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English Curriculum


Literature includes novels, poetry, drama, and short stories.  Required literature by classic authors is studied through class activities and discussion with plenty of teacher support so that the experience is pleasurable.  This will provide a sound foundation for a later and more detailed study of literature in high school and college.  Younger students make the transition from reading literature for plot to exploring various perspectives and themes by critically acclaimed authors.  Older students also usually read in its entirety the Shakespeare play being performed at Krannert Center for the Performing Arts before attending the performance.  We work closely with area high schools to make sure that our curricular materials align with their English programs.  Students are also expected to read books of their own choice outside of class, and report on their independent reading regularly with the class as a whole.



Writing assignments include personal writing, expository essays, reader responses, creative writing, journals, and research-based reports.  Students write several drafts of each major assignment, participating in peer reviews and receiving the teacher's coaching on technique and structure for each draft.  Creative writing, reader response, and journal assignments are designed to enhance students' enjoyment of writing and appreciation for literature.  Proper techniques of research and documentation are also a part of the writing curriculum.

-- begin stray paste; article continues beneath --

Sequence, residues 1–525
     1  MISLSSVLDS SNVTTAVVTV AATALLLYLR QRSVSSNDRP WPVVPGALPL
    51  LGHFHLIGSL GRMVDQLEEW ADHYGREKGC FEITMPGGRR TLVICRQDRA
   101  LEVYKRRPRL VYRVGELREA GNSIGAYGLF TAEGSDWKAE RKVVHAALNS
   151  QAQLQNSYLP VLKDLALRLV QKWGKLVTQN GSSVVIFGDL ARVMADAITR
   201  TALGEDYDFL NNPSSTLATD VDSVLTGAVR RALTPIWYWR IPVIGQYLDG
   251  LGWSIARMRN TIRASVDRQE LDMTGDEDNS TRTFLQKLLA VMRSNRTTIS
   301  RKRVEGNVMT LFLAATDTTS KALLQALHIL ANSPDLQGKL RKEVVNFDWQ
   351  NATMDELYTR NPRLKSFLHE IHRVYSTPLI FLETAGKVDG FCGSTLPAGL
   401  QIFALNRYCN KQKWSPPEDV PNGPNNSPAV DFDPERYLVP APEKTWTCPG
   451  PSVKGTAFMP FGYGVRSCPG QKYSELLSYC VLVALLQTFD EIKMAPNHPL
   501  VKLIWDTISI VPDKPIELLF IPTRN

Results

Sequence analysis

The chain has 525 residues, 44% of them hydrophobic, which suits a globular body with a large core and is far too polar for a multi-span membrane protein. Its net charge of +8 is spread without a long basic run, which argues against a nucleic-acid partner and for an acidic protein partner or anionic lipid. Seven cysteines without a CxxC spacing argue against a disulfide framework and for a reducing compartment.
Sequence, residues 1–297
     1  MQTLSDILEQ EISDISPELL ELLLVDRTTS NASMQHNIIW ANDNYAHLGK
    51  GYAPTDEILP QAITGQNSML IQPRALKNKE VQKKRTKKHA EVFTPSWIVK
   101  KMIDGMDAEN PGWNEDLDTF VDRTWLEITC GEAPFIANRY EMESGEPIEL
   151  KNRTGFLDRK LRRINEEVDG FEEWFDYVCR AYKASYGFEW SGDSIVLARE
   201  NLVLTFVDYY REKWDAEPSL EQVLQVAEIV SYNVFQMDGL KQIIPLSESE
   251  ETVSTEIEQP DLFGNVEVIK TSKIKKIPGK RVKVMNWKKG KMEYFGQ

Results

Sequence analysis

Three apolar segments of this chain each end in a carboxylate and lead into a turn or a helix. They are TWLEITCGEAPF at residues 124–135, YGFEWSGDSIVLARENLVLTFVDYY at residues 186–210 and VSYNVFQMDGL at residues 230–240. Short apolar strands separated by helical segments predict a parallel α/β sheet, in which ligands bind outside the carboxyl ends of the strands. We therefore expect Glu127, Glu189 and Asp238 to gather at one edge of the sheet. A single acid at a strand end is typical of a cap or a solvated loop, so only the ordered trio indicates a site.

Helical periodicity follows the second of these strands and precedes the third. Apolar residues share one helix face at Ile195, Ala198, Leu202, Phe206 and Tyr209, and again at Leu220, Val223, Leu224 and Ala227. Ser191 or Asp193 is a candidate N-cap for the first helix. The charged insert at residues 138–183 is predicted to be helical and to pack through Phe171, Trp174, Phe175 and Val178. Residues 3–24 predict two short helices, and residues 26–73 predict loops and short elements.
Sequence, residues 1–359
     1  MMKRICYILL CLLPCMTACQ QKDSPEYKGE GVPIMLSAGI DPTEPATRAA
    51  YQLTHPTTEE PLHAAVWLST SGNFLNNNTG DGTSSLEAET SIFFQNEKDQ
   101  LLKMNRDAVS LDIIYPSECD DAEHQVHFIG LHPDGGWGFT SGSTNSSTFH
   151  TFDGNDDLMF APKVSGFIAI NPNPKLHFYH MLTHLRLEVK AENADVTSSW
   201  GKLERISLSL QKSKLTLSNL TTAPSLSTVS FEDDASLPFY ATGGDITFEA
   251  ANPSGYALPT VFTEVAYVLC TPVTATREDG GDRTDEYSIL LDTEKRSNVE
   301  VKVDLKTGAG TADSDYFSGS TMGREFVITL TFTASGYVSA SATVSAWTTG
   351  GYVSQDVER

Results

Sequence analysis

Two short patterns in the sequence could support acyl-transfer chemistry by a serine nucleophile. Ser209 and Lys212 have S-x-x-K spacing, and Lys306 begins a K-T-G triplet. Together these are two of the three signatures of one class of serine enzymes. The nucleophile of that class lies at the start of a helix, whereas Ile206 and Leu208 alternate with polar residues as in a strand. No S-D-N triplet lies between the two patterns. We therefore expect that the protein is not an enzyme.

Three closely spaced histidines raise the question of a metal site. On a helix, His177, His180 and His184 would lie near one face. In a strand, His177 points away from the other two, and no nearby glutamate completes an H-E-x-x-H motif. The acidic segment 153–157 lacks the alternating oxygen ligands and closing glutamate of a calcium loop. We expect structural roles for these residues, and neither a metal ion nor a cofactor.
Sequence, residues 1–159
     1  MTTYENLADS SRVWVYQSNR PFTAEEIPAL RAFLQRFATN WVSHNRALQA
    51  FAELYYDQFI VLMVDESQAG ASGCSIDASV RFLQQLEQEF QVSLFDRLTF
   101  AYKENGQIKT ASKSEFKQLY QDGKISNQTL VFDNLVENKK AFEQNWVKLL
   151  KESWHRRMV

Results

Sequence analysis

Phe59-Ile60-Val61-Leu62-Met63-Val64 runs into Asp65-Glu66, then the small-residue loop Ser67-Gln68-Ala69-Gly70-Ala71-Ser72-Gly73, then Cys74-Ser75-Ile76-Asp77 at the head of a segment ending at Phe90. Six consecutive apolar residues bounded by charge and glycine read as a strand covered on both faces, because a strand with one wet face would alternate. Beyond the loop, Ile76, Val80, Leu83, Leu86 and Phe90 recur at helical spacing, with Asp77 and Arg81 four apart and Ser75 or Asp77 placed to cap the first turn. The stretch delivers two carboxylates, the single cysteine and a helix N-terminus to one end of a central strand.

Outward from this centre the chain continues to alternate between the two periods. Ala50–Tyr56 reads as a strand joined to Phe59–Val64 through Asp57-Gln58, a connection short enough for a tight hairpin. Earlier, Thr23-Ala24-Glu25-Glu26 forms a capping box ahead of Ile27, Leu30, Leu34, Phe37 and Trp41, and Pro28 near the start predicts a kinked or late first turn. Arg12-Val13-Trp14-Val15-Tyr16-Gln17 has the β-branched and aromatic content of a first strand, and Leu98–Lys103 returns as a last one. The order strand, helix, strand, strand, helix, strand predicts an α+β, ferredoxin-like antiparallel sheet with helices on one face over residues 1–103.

Grammar is taught through whole-class instruction as well as through feedback on writing assignments.  A formal overview of basic grammar is part of the English grammar curriculum.


Vocabulary lessons are designed to extend students' written and spoken vocabulary and to increase awareness of etymology and word structure. 


Oral Communication

Speaking and listening skills are strongly emphasized.  Students participate in class discussions, give poetry recitations, perform dramas for classmates and larger audiences, and make presentations of projects and reports.  We concentrate on projection, matching of tone, pace, and volume to subject matter, use of gesture, eye contact with audience, and selection of style and content suited to audience.



English class is often the vehicle for conducting research for other academic areas.  Attention is given to note taking, summary, and documentation, as well as learning how to compose a longer expository piece.  Students must use a variety of resources and evaluate each resource for reliability and to what extent it helps them meet their research goals.

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